Justice Served or Justice Subverted? Two Muslim Women Sue a Local Mudéjar Official in Thirteenth-Century Aragon
By Brian Catlos
Anuario de estudios medievales, Vol.39:1 (2009)
Abstract: In 1300 two Muslim women sued a local aljama official in Daroca, claiming he had unlawfully evicted them from their houses, and physically mistreated them, all without due legal process. In the trial, after witnesses corroborated the womens’ claims, the defendant accused them of being unreliable. These objections were not admitted by the magistrate, who found in the women’s favor, and punished the official. A close reading of the process reveals that, far from being a straightforward case of abuse of power, the defendant may well have been in the right. If so, the framing of Ali Dexadet, the lieutenant alamín of Daroca, exemplifies the debilities of Islamic justice in mudéjar Aragón, and reveals the depth of the factionalism which often characterized minority communities.
Introduction: On 12 October 1300, two Muslim women, the sisters Axa (Aisha) and Mariem [Maryam], daughters of Faraig (Faraj) ibn Jamar and inhabitants of Daroca, presented themselves before Ximen Pérez Gil, the local bailiff, to lodge a civil suit against Ali Dexadet, the lieutenant of the alamín of the local Muslim aljama. According to the two sisters, Ali had evicted them from their homes without due legal process or motive at the behest of a neighbor, another Muslim named Çahen (Zayn). At the moment they were evicted Axa and Mariem had offered to post bond for their claim over the houses, and demanded their right to appeal the eviction before the king’s court. Nevertheless, Ali rejected their petition, and ignoring their protests, evicted them from their homes in the lower quarter of the morería of Daroca, and confiscated their moveable goods, valued —according to their testimony— at between fifty and two thousand solidos.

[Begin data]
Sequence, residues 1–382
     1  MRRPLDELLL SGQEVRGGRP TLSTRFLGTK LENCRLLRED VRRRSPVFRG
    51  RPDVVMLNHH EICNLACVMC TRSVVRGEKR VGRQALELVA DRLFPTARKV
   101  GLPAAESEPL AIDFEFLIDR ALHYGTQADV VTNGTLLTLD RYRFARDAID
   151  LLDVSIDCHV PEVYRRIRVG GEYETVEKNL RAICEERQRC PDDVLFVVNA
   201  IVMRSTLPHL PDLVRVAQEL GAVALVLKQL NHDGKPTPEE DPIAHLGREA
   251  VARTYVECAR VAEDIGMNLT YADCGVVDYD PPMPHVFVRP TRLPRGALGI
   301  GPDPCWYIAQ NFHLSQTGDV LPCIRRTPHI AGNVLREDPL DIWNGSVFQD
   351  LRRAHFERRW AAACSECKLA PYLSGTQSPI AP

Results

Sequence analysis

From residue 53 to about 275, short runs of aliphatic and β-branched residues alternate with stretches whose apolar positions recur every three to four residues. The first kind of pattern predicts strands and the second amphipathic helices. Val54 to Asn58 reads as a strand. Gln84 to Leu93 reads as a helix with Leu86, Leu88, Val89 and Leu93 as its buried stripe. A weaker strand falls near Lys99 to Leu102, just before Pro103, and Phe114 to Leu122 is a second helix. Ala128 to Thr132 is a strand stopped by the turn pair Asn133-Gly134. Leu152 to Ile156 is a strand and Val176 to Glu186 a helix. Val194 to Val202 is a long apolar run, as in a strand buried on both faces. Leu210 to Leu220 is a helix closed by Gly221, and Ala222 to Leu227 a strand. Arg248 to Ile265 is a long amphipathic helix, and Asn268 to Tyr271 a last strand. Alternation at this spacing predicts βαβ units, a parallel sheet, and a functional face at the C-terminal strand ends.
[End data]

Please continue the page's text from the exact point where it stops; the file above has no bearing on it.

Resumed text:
A certain Audalla (Abd Allah) Daudella (o “de Abdella”) presented himself before the magistrate as their guarantor and agent, in support of the accusations. Having taken down their complaint, the bailiff summoned Ali Dexadet to his presence to respond to the allegations. At first the lieutenant-alamín presented a letter, written in the local vernacular, in which he denied the jurisdiction of the royal bailiff in this case, alleging that the aljama enjoyed privileges which safeguarded the judicial autonomy of local Muslim magistrates and placed all civil suits between Muslims under their power.